A blessed, and protected, All Hallow’s Eve to you all!
A year and a few days from now — November 8, 2024 — I will pass the Bishop Ordinary’s crozier to +Alan Hawkins after twelve years of service in overseeing the Diocese. As +Alan, the Diocesan Council, staff, and I work actively on the transition process, I am thinking and praying about many things, and particularly about the public messages I will bring this next year.
In this context, it hit me recently that the churches I visit on weekends embody Gospel mission and ministry in ways that propel me forward and challenge me to think with fresh vision and heart for Kingdom ministry. As a result, a monthly Anchor Lines article in which I can tell the story of a wonderful experience I’ve had during a recent parish visit, or a new take on ministry I’ve seen, would serve several purposes. It would be a way to tell the story of God’s work among us, to network churches and leaders with one another, and to communicate my own heart during this season of life and ministry.
Witness my recent visit to Christ Church, Winston Salem. A strong foundation was laid from the beginning for thoughtful, practical lifelong discipleship by planting rector, Fr Ben Sharpe. For example, the content and process of catechesis used in preparation for membership and confirmation is thorough and transformative; many churches around the Diocese use that same Foundations course to great effect.
New Rector Benji Davis is building on the church’s commitment to make life-long disciples in creative ways. Currently Benji+ and Ben+ (serving in an emeritus position), along with Associate Priest Kelly+ O’Sullivan, are developing a multi-topic ongoing discipleship system to sustain and deepen what began in the original 12-week Foundations course of catechesis. Each topic will be the subject of approximately five weeks of biblical teaching aimed at deepening discipleship. One of those courses that caught my imagination is entitled “Foundations for Christian Dying,” created by Fr Ben.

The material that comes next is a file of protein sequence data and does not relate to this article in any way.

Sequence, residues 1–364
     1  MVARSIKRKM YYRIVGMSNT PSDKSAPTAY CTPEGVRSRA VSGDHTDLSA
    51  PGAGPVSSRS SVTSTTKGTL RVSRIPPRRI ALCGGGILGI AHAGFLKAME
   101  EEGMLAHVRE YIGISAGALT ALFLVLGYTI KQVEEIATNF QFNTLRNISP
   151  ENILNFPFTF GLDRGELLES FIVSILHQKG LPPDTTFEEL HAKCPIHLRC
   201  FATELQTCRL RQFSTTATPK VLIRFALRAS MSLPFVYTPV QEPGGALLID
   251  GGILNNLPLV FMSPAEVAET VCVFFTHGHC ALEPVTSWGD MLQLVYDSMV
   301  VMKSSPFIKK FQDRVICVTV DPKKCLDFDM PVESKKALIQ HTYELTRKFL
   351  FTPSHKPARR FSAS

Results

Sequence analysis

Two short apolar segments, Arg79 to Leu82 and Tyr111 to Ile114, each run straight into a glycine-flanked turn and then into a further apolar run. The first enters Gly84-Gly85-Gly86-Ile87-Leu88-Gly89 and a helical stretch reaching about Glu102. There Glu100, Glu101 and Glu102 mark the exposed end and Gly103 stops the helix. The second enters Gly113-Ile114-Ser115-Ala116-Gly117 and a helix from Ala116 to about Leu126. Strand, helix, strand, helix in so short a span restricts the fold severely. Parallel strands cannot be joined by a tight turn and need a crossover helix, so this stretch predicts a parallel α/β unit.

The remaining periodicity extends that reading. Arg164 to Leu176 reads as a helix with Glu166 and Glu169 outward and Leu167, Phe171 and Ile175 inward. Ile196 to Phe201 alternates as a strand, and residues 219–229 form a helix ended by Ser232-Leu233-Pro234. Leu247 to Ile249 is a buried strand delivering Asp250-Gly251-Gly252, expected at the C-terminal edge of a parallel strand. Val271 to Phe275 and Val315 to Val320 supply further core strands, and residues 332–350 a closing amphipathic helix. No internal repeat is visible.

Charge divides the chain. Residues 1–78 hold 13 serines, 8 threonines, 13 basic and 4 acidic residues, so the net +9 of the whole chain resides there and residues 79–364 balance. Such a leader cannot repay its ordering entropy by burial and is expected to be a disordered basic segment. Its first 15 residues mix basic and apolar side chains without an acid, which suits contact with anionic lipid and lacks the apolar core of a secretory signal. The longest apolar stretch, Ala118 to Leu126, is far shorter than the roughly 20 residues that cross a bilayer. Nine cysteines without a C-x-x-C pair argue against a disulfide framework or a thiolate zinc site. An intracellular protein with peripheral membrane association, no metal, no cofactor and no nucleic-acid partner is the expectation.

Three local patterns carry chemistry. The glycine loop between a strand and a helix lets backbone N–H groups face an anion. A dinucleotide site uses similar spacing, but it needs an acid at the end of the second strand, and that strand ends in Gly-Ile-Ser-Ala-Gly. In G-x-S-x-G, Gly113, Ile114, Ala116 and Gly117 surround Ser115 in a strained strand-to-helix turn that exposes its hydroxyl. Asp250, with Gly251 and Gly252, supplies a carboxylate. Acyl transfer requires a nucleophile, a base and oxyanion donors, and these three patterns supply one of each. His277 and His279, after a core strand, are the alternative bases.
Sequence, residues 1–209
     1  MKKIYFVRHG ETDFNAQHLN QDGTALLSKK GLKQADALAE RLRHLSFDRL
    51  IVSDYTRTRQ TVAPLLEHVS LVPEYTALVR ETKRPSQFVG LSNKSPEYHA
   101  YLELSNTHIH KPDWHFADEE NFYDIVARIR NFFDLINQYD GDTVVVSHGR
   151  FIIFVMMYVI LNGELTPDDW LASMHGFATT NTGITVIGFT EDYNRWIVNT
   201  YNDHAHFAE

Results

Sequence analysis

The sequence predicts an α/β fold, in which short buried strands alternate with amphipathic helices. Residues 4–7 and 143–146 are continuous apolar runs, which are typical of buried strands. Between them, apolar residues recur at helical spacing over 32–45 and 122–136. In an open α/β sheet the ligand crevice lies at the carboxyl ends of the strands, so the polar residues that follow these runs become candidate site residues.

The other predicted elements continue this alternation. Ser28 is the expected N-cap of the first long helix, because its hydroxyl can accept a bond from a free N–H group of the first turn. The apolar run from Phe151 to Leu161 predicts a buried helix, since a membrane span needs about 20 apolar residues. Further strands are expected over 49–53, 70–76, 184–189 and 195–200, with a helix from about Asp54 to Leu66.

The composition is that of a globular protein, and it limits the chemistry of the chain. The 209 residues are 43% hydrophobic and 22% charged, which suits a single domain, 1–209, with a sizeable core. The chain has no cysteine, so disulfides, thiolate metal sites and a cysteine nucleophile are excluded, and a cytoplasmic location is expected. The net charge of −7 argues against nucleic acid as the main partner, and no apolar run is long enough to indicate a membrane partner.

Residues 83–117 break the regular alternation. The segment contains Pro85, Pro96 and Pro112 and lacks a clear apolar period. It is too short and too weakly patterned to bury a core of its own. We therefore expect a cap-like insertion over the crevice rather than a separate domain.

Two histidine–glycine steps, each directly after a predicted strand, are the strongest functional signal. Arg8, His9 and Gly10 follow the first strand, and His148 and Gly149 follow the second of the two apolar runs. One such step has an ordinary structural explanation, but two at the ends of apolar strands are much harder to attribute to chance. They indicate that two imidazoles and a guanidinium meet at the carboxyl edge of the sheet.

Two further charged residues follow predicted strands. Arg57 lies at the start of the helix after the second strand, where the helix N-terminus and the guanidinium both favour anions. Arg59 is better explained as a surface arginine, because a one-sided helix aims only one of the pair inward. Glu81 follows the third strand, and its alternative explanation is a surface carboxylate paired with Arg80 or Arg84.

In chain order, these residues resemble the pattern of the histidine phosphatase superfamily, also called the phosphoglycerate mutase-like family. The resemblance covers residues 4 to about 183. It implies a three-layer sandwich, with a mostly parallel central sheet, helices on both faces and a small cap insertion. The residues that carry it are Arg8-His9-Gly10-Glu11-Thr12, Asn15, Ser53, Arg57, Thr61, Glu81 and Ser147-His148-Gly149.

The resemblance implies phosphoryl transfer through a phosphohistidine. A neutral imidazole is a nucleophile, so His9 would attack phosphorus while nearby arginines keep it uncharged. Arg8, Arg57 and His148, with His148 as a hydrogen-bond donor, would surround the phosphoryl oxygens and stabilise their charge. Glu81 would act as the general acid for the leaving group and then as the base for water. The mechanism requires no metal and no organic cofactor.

I’m at a point in my life when the finish line is “on the ever-nearing horizon,” so I thought, “maybe this sounds so great because it is increasingly real to me.” But on further exploration, I learned that the course speaks to people of all ages. After all, every day is a day we do not deserve and none of us is too young to die. Preparing for a good and godly death has been normative Christian discipleship since the beginning (Phil 1:2-22; 2 Cor 5: 1-10). Many historic churches have a graveyard attached, reminding weekly worshippers of the inevitable. Sincere Christians are called to live in light of eternity, shaping our lives every day toward that last day (1 John 3:1-3). According to the Lord’s parables in Luke 12:35-48, living well today means living in light of that day, for all of us.
This is not a macabre mindset: it is a freedom we have to live in reality because we live in sure hope of the resurrection, the making of all things new in Christ. Christ reigns victorious over death, and therefore “a good death” – one that looks at it face-on with peace and courage – is on offer for all of us.
At Christ Church, the course “Foundations for Christian Dying” considers a theology of dying rooted in the reality of Christ’s resurrection as revealed in the Scriptures. But the training moves beyond conversation into practicalities. Serious discussions about cremation versus burial are normative, carefully protected from overtones of shame but nevertheless exploring the logic of bodily resurrection. Christ Church is working to retrieve Christian practices maintained in Orthodox traditions in which the church, not the distant funeral home, prepares the body for burial – with liturgy, prayer vigils, and worship surround the body of the beloved departed. Alternatives to embalming are legal in North Carolina, so preservation of the body in dry ice are in the works. Christ Church is developing a lay order, the Order of St. Joseph of Arimathea with teams of people who will build simple wooden coffins, open gravesites, transport the body in the context of the church family, and fulfill all practical requirements of funeral and burial. The whole church is called to “be the family” who expresses these final acts of love and celebrates the beloved one in this, their final step of “completing our baptism.”
I am captivated by this as a way to explore a Christian final step from this life to the next. It’s easy to imagine how a few years of teaching and living according to this deep Christian tradition could shape the life of a parish in profoundly beautiful ways. I wish I had known of this gift the Church brings and had been able to develop such faith and practice on behalf of people I served in the past.
Servus servorum Dei,